What else does it want, the plant?
Lighting and ventilation are set up and a good spot has been found. All our green friends need now to thrive are the right nutrients.
While each plant has its own particular preferences, in principle (almost) all plant metabolic activity is based on the three basic building blocks nitrogen (N), phosphorus (P) and potassium (K). These substances are absorbed by the plant in different proportions at different stages of plant life.
Therefore, most manufacturers offer a specific fertiliser for the growing phase and another for the flowering phase. Anything else the plant needs is added to the base fertiliser as needed (e.g., root or flower stimulation).
An important decision: The choice of growing medium (1).
At least as important as the fertiliser is the choice of a suitable soil to optimally supply the plant. A basic distinction is made here between soils, earth-like substrates and pure artificial substrates (e.g. rock wool or expanded clay).
Soil substrates already have basic fertilisation and also act as a buffer for added fertiliser. Nutrients not needed by the plant are stored in the soil and can be used later.
This feature makes this growing medium a good choice, especially for beginners and those who want to keep the effort low in terms of nutrient supply.
An important decision: The choice of growing medium (2).
Artificial or neutral substrates owe their name to the fact that they have no nutrients of their own, thus providing an "artificial", or "neutral" environment for plants.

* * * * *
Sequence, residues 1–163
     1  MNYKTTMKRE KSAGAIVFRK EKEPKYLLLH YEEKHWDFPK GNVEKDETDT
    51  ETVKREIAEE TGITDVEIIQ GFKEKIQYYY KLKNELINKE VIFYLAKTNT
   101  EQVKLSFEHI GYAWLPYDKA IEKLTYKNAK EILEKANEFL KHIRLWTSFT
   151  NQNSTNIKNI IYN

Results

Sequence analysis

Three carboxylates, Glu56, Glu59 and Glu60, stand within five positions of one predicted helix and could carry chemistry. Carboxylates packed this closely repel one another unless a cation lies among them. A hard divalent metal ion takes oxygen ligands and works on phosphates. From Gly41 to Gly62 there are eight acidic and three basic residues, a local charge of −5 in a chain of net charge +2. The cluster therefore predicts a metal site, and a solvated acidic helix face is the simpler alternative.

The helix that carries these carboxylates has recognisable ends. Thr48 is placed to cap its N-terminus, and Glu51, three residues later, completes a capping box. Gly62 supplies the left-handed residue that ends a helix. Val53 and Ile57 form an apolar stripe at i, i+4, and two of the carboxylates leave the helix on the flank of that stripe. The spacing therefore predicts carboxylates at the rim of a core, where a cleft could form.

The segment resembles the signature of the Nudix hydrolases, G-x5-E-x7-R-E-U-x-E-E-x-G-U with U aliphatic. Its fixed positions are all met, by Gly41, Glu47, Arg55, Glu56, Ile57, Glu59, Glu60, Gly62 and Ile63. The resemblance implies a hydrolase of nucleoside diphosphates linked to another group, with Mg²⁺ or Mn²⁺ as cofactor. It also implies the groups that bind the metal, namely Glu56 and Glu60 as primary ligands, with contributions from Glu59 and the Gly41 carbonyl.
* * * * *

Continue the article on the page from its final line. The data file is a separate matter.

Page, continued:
These substrates deliver the nutrient solution directly to the plant, which is more efficient, but also more risky, as too much fertiliser can quickly damage the roots.
Although (e.g., coco-based) substrates can be grown well in regular plant pots with conventional irrigation, artificial substrates are often used in hydroponic systems. Likewise, artificial substrates are the first choice for exotic plants that do not thrive optimally with the pH and nutrient levels of normal soil substrates.
Organic or mineral? Differences of 2 fertiliser systems.
Organic and mineral fertilisers have first once the same goal: to supply the plant with nutrients.
While in the mineral fertiliser just these nutrients are contained directly in dissolved form, organic fertiliser consists of mostly natural substances. These decompose during the decomposition by soil bacteria into usable components for the plant and can be used gradually.
Whereas the mineral fertiliser makes nutrients immediately available and can therefore be dosed very precisely, friends of organic products praise their long-term effect and swear by the positive effects on the taste of the fruit.